How an internal clock gene can alter innate behaviors in mice

How an internal clock gene can alter innate behaviors in mice

Posted by Gonny Smit on Thu 24 Jul. 2014 - 3 minute read

Some might argue that laboratory mice are not the same as wild mice, yet they remain capable of performing the innate, routine behaviors necessary to survive in natural environments, such as courtship, nest-building, and exploratory activities. Still, their ‘non-natural’ (read: laboratory) environment may limit them in the expression of these behaviors.

Circadian rhythmicity

The internal circadian clock is of fundamental importance for animals to anticipate recurring events and ensuring basic behaviors, such as  gathering food and building a nest, occur in time. One of the ways we influence the animal’s natural capacity to perform these and other innate behaviors is by altering the light/dark cycle in a laboratory setting.

Internal clock functioning

In addition to the external environment, proper functioning of the internal clock also depends on biological factors such as genes; specifically, the Per1 gene Bechstein et al. took a closer look at the role of the Per1 gene in cyclical behavior, and compared wild type (WT) laboratory mice with a Per1 knockout (KO) strain. They found that this gene plays an important role in the regulation of  innate behaviors, such as nest building and courtship behavior.

Marble burying

When you place bedding and objects in a cage, mice will typically bury the objects. Bechstein and his colleagues used this test to investigate the differences in explorative behavior between the strains. Video tracking software EthoVision XT was used to analyze running, rearing, and digging behaviors during the 30-minute test period.

The Per1KO mice spent less time rearing and a longer latency to initiate digging behavior. There are several possible explanations for this:  they may be less interested in the marbles or the new environment, less capable of interpreting the set-up as novel, or they could be more anxious. Since the Per1KO mice reportedly do not display more anxiety-like behaviors  (Jilg et al., Hippocampus, 2010), problems in detecting a new environment as novel are compatible with the relative low amount of rearing behavior of the KO strain, which in turn relates to hippocampal defects associated with impaired exploration.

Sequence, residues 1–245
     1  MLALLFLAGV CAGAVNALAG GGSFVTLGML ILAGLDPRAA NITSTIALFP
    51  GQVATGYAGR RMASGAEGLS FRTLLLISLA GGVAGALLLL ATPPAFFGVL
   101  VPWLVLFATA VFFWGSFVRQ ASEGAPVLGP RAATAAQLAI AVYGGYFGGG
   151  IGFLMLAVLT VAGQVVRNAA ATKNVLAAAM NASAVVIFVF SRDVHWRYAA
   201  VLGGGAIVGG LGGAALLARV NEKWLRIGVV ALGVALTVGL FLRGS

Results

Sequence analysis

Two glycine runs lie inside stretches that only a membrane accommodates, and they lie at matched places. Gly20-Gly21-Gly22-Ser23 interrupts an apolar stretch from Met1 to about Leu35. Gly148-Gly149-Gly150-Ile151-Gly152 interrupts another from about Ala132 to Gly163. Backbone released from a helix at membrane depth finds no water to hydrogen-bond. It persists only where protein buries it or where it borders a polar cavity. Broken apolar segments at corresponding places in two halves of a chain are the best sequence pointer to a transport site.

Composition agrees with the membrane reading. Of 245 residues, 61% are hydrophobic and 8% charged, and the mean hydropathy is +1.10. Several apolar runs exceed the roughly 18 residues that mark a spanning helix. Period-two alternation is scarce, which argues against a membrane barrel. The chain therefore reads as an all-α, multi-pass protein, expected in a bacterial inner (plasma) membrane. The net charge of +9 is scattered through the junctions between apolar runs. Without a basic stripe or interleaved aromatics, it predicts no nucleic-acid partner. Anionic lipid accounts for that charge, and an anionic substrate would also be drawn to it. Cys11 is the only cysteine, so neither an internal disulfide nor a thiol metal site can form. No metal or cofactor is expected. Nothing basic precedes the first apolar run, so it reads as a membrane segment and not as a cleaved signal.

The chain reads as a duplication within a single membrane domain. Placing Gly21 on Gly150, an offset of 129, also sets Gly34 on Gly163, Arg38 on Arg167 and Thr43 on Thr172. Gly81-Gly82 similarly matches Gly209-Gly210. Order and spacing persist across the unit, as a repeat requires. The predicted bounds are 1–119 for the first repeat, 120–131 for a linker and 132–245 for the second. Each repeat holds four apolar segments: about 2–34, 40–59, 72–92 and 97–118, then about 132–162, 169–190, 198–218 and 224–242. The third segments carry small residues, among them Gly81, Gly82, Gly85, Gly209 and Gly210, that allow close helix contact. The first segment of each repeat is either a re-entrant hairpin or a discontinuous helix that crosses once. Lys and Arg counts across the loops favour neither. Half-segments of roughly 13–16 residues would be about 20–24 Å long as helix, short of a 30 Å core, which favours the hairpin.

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More evidence for deficits in hippocampus-related behaviors in the KO strain was found in ultrasonic vocalization tests. When repeatedly exposed to females, WT males decreased the number of ultrasonic calls per day. The Per1 KO strain showed major impairments in this behavior habituation. It was also interesting to find that the minimal peak frequency of their ultrasonic vocalizations was lower and the structure of the calls differed between WT and the Per1 KO strain.

Sexual preference

This difference in vocalization may also cause a difference in ‘attractiveness’ of the male test subjects to WT female mice. To test this, the researchers used a sociability set-up. A WT type female mouse was placed in a three-chambered cage: the middle chamber was empty, while each of the outer chambers contained a mesh cage housing either a WT male or a Per1 KO male. Each session lasted 10 minutes and was recorded and analyzed with EthoVision XT.

Interestingly, the female WT mice spent more time exploring the cage areas of the Per1KO males. The authors speculate that this may be caused by the modulated ultrasonic vocalization frequency detected from the male  KO mice;  it could also be  due to different call structure or scent. That females seem to favor the mutant over the WT mice might have an evolutionary reason: a higher genetic diversity of the offspring is a known principle for the elevation of fitness in a population. 

Clock gene necessary for innate routine behavior

This and other studies show that WT mice are, when given the options to do so, quite capable of performing the innate routine behaviors of their ancestors, even though they have been in the lab for quite some years now. This study also suggests that the clock gene Per1 is important for exhibiting some of these innate behaviors.


I would like to thank authors Erik Maronde and Philipp Bechstein for their help writing this blog post. Read their publications at:

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